OK, back to the article. Next we hear about Jellybean, a female cockatiel who doesn’t like to be held. In my mind, no big deal. (Until recently, I had a female cockatiel named Roxie who hated to be held, although you could tempt her out of her cage sometimes. She was a rescued pet, not a performing one…) That’s the nature of cockatiels. We find out Jellybean likes to bite if you get her out of her cage. Well, OK, don’t get her out of her cage. That’s obviously her safe-zone. But then we learn that the owner isn’t upset just about the biting, it is also because they have shut the bird in a back bedroom with no company, and Jellybean screeches on Saturday mornings when they are trying to sleep in.
(Warning: SNARKY alert! I just can’t seem to help myself at this point.)
Well, DUH! Of course the bird is going to scream. Cockatiels, like other pet birds, are highly social creatures who need interaction. Jellybean’s Saturday morning wake-up call is probably something like, “Hello, is anybody there?” (OK, now I’m the one anthropomorphizing. And the cost per word has gone up to 75 cents.) It sounds like the owners have made half-hearted attempts to find the bird a home, but that doesn’t fly with me. There are so many rescue organizations, and Craig’s List, employees at vet clinics/shelters, and students around; there’s bound to be a home for Jellybean. IF, the owner is willing to do a little work, and IF, they’re more concerned about the bird’s welfare than themselves.
Next we learn about Phil, a cat that lives near Chicago that has hairball problems. And apparently “hates” the owner’s toddler, running from her and hissing. The owner tried to covertly swap Phil for his brother Morty who is “smarter” and doesn’t have a hairball issue, but the in-laws gave him back.
You know, it isn’t just cats who run from toddlers, some people I know do it, too. Ha ha. But the point is, it doesn’t sound like Phil has been socialized around the little girl, nor she trained to interact properly with the cat. It does take work on both sides, and for the safety of the girl, this should have been something that was addressed before she became mobile with out-stretched arms and grabbing hands.
Poor Phil. I’m not sure what makes him the “dumber” brother – not liking the little girl or yaking up hairballs. You know, for all of the humor that is based around this subject (and I laughed at the scene in Shrek just as hard as anyone), it really isn’t something that cats do for their enjoyment or our entertainment. Vomiting hairballs may be something as simple as a cat that ingests too much hair and needs grooming attention from the owner. Or it can be a more serious condition that needs medical intervention. Note to owners: there IS something that can be done, but you need to visit with your veterinarian.
Dr. LaFarge jumps in here again with this quote:
It’s very hard, when the animal does something we don’t like, to say why is he doing this to me, when in fact that animal may be just being an animal and fulfilling his own needs.
I have a problem with this whole idea of “fulfilling his own needs.” You know, pets put up with an awful lot of miscommunications and misunderstanding from their people. When animals do something that we as humans don’t like, it probably isn’t because the pet has gone decided to join the “me” generation or is looking for ways to fulfill its needs. Most of the time, any behavior issues I encounter with a client have more to do with the pet’s response to what is going on in the home; my note-to-self – always look for the contributing factors.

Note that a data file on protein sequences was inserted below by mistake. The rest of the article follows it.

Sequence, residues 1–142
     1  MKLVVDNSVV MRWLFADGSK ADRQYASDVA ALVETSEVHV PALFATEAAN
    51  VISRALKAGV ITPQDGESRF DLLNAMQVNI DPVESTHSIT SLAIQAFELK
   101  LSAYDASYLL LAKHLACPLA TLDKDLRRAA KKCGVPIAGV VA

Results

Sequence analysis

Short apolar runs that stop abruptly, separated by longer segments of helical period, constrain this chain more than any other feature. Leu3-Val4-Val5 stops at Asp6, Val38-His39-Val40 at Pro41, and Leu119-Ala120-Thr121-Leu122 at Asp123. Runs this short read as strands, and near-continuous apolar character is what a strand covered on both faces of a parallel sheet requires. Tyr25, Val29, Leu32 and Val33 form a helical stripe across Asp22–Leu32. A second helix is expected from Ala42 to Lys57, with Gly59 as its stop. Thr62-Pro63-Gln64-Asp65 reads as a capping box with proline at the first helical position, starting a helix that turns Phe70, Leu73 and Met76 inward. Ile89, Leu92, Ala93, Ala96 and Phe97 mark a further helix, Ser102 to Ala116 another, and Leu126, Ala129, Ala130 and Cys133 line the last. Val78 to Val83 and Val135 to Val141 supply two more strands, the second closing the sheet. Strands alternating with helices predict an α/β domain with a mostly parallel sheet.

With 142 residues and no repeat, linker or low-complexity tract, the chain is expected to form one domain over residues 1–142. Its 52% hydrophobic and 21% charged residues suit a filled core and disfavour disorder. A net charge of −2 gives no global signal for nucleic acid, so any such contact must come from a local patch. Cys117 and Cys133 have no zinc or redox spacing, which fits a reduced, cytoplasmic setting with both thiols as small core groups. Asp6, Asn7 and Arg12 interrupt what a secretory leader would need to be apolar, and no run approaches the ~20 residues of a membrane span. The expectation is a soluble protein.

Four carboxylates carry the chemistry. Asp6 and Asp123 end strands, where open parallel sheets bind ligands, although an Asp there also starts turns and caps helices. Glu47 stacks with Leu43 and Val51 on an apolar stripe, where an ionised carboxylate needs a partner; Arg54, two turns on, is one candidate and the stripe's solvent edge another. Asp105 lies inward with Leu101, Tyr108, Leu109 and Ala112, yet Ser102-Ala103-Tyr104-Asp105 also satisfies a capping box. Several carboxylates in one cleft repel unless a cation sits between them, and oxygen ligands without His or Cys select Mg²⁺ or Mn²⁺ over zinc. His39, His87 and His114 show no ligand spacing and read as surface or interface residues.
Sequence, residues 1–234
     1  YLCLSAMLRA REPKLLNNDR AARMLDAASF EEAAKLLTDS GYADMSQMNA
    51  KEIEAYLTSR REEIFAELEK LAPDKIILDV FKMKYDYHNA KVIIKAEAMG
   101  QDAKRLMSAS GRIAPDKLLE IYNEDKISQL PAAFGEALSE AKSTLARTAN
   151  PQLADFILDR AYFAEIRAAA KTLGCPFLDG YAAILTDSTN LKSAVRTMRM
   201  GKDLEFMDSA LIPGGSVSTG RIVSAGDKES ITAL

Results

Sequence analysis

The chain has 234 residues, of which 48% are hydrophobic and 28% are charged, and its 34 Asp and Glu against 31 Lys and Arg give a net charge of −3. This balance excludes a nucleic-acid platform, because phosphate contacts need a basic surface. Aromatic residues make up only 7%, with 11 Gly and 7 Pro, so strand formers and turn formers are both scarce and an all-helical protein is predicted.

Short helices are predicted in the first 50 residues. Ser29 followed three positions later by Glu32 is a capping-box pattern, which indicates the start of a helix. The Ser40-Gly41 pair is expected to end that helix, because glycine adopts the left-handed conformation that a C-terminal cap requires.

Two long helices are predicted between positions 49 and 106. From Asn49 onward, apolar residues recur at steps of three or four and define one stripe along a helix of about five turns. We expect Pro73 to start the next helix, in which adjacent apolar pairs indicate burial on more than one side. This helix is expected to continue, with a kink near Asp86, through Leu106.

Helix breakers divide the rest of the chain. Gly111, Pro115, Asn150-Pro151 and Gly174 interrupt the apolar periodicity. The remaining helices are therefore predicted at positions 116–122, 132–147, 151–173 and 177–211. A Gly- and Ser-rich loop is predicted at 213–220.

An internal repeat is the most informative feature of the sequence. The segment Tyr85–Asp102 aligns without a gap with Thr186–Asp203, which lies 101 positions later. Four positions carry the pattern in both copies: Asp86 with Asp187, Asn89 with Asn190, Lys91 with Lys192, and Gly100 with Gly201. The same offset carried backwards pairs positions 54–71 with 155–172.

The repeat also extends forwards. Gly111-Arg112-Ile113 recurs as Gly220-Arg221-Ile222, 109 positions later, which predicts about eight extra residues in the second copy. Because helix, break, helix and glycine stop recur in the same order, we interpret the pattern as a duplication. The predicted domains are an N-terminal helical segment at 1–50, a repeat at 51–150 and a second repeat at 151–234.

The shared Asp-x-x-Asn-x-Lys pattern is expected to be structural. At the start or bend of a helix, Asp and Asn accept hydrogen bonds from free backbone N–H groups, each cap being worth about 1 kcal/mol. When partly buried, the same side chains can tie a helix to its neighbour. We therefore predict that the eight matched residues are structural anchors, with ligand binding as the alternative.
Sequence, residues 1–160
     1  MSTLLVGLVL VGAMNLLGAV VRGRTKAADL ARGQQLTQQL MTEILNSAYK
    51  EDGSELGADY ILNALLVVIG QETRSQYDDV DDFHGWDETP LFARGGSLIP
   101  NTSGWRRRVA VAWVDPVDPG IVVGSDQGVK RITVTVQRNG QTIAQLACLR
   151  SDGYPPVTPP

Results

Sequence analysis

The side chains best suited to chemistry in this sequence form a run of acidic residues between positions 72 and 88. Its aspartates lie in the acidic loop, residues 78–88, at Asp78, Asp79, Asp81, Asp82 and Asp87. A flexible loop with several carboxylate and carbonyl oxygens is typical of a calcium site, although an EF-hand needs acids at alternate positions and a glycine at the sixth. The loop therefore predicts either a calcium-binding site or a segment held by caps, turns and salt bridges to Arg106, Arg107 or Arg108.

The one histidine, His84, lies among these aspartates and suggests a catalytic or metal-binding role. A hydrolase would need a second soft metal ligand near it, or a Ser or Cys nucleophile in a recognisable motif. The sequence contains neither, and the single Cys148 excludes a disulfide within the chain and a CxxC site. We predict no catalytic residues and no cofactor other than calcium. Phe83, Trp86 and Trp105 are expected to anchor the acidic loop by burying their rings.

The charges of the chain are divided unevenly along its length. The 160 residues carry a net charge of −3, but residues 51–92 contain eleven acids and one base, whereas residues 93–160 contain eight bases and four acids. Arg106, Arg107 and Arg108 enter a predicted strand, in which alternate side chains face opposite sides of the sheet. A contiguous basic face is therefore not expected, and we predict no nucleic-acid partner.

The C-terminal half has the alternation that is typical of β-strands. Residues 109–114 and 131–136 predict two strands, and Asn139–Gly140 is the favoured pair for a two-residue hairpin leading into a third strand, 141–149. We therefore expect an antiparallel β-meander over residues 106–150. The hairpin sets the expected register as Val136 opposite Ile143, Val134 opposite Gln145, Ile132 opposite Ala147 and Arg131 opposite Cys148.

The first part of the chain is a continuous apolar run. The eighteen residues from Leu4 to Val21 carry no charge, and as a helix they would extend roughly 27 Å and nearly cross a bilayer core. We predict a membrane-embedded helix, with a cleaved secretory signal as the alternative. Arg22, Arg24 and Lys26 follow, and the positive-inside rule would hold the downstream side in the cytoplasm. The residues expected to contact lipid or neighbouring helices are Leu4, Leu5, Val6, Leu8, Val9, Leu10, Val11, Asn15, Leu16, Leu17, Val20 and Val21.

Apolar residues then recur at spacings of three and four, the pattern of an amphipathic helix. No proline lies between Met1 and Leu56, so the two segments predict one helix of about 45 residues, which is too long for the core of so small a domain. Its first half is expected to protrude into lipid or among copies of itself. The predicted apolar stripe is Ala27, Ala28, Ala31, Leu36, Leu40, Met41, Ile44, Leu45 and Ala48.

Finally, the article ends with the story of Bennie the border collie. These kind people found the dog after it had been hit by a car. Unfortunately, Bennie’s response to being rescued was biting, clawing and aggression in the car. The rescuer’s even admit to wanting to throw Bennie “off a bridge.” But now the owners realize that they shouldn’t fault Bennie for being hyperactive because, in their words, “he’s just a border collie.”
Saving animals is a good thing, but people need to realize that there is some knowledge and training that you should have before rescuing an injured animal. Pain and stress can make even the most docile animal respond aggressively and injure themselves and people. And think of the terror of being picked up by unknown people and placed in an unknown car; it’s no surprise the way Bennie behaved. That is why people should be cautious about picking up strange and injured animals. Animal control officers and other people who are trained in animal rescue know the dangers of the situation, not just for people but for the animals, too.
As for Bennie’s behavior, it sounds to me like he is a normal border collie, very intelligent and very high energy. Can that be a problem for some people? Sure, if you are trying to put a square peg in a round hole. Again, though, it isn’t the dog’s problem, it’s the people’s problem. There are many ways to solve this issue, and talking to a veterinarian or trainer is a good place to start. Finding a new home for a rescued animal can be challenging, but it is do-able.
I think you can guess by this point that I really wasn’t entertained or amused at this article. Trying to create entertainment by focusing on problems between pets and owners is not helpful to the pets or the people. Behavior issues are real problems and one of the most challenging areas that veterinarians and clients face. What really irritates me though is the efforts to justify violence and neglect against these animals by their upset owners. There is no justification and it is not funny.
For those people who want an easy pet that doesn’t require much attention or care and doesn’t interact with people, may I suggest a Chia pet. True, you may have to water it occasionally, but other than that and a window seat, you won’t have the problems of hyperactivity, hairballs or screeching. (I’ve never personally owned a Chia pet, so perhaps I am being a bit naive on their care.)
For those people who have a problem with their pet, get some help! There is plenty out there, and if you don’t have a relationship with a veterinarian, talk to your friends, neighbors and co-workers – someone is sure to recommend their vet. Don’t let your issues or your pet’s behaviors get to the point where it is causing strife.
Let me repeat for those who are hard of reading – there is no just justification for violence against and neglect of animals. For those people who think that this is a topic to be taken lightly, look at the statistics between violence against animals and violence against people. That should sober you up.
Until next time…